Jay and I were sitting on a high knoll overlooking a huge meadow, probably 80 acres surrounded by cedar and pin oak trees. We were watching a game feeder about 300 yards away in the early evening. Deer began to filter into the meadow, some of whom were working their way to the feeder. But we weren’t hunting deer tonight. It was late in the Texas deer hunting season, but we were just checking out the health of the herd and hoping to spot a hog, a coyote or a bobcat. We had already spotted one bobcat but he was headed into the bush at about 100 miles per hour ahead of our truck.
We were at the ranch working on a joint project that Jay and I had started. We began a few years ago to chronicle some of our more humorous hunting exploits as BobNJay.com. We were working on some promotion and videoing some YouTube skits. Our day was pretty full with the filming and strategizing on how to promote our fledgling operation. But we are hunters, after all, and couldn’t resist getting out at least a bit in the evening.
The evening was cool, but to my Michigan sensitivities is was really quite pleasant. Not the below freezing or even below zero of my home at this time of year. The sky was clear, and we watched ducks trying to decide if they would land on the pond below us or find another spot to paddle around.
Jay and I had sighted in his 700 Remington .308 earlier in the day in hopes that we might be able to ambush a hog. The feral hogs were a never-ending problem on Jay’s ranch. They were incredibly destructive of the habitat, highly competitive for forage with the deer and would monopolize any of the game feeders. They produce three litters of piglets each year and keeping them under control is a constant struggle. So here we sat hoping to get a crack at one.
The deer continued to fill the meadow below. We could watch as many as 30 deer at a time, and there would be anywhere from 2 to 6 deer vacuuming up the feed around the game feeder at one time. Tonight, I was the designated shooter, while Jay was glassing the field for our intended prey.
“Oh, my gosh,” whispered Jay, “there’s a lion!” After a couple of seconds, he continued, “No it’s a bobcat, but that’s the biggest bobcat I have ever seen. He’s coming down to the water.”
I was trying to reorient my position when Jay lost the cat as it eased into the brush alongside the water. We never saw it again.
As darkness fell, we had three owls fly over our heads. I am wondering if they had spotted some of our movement and decided WE might be prey! We ran out of light but was able to watch more deer filter into the meadow through our night vision equipment.
We called it quits about an hour after dark. The deer looked healthy, and they weren’t disturbed by any hogs or other predators. After all the cold of northern Michigan, being outdoors on a beautiful night like this and watching scores of deer was like a little bit of heaven.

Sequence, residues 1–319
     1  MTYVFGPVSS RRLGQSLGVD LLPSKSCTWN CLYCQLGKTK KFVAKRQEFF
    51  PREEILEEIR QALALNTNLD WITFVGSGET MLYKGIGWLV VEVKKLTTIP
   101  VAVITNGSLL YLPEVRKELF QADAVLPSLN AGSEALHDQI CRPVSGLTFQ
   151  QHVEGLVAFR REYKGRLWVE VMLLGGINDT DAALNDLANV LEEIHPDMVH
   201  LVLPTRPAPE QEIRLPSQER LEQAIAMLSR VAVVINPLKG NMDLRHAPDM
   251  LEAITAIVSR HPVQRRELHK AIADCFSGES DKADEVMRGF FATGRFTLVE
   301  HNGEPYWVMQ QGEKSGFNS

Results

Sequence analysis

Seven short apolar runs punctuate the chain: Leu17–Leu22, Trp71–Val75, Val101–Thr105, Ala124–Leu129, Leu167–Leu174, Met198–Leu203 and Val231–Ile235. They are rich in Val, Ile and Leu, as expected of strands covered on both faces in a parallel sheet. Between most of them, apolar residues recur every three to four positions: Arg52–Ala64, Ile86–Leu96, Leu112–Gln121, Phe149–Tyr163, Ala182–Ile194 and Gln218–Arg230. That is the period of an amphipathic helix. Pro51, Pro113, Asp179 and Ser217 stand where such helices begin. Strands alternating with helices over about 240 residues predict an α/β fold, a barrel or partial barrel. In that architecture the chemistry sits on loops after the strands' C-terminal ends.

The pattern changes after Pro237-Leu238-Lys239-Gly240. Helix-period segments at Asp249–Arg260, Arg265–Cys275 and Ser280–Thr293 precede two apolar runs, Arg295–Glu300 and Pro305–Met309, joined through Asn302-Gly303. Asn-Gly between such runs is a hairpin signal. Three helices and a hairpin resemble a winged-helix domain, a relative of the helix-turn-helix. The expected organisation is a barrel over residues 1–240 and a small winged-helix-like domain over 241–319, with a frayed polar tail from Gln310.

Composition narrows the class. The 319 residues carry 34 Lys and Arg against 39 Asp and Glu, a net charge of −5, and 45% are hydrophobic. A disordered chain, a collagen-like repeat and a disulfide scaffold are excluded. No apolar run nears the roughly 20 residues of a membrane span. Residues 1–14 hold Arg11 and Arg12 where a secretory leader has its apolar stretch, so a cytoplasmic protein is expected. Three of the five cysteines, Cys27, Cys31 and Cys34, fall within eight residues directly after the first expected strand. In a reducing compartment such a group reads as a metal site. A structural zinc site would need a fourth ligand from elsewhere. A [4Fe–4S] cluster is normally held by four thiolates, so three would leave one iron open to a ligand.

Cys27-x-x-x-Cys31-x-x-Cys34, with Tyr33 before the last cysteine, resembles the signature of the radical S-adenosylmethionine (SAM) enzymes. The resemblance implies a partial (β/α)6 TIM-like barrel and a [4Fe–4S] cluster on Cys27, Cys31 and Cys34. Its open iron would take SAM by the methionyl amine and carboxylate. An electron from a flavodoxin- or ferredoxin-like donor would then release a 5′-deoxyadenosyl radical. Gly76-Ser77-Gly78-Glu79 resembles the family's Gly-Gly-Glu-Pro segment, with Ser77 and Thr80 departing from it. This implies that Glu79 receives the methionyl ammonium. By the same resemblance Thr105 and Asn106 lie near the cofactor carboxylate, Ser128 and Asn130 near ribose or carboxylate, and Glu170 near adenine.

The next day, after another grueling day of filming, laughing and writing we needed another outdoor fix. We opted to try for a coyote or bobcat. I think Jay couldn’t get that cat out of his brain, so with a couple hours of daylight left we headed out to see of our predator call would bring something in.
Coyotes especially are really hard on the early fawns. While not as prolific as hogs, it is hard to stay atop the coyote population as well. Bobcats, too, will take early fawns and sometimes even yearling deer.
As we did yesterday, we selected a high vantage point that would allow us to cover a lot of territory, but in a different area from where we were the night before. Since I had one the wrestling match to be the shooter last night, Jay would be on the long gun and I would be carrying the .223 short range piece tonight.
We cranked up the remote caller with a distress call of a rabbit and settled in to see if something would cross the valley in front of us to come to the call. We hadn’t even called for more than about 7 minutes, when at the periphery of my vision, I spotted a coyote looking over our setup. He was looking right at the remote call, when I spotted him and he was only about 60 yards away. No way could Jay realign for a shot without spooking the animal. I whispered, “Coyote”, and threw the .223 up to my shoulder. Too late! The Coyote had figured that the jig was up and he was headed out of there.
He passed behind two cedar bushes, not at a dead run, but not just creeping away either. Hoping to catch him as he cleared the second cedar and before he got into the heavier bush, I swung the gun to the 7-yard opening. As hoped, he cleared the first two cedars at a trot heading toward heavier cover. If he reached that next cedar, he would be gone. I had maybe second and a half to locate and snap a shot. At the crack of the rifle, the coyote dropped out of sight and Jay shouted, ”You nailed him!”
It happened so fast I wasn't sure I had really connected, until we covered the 60 yards or so and found him. Any time I hunt and harvest an animal, there is this tug of war within me about taking wildlife. This time was no different. I was happy to have taken one fawn killer out of the population, but never-the-less, somewhat saddened at taking the coyotes life. Balancing the health of the deer herd against the number of predators will always be a win/loss proposition. On the whole, this coyotes hide will remind me of that balance as I display it in my man cave.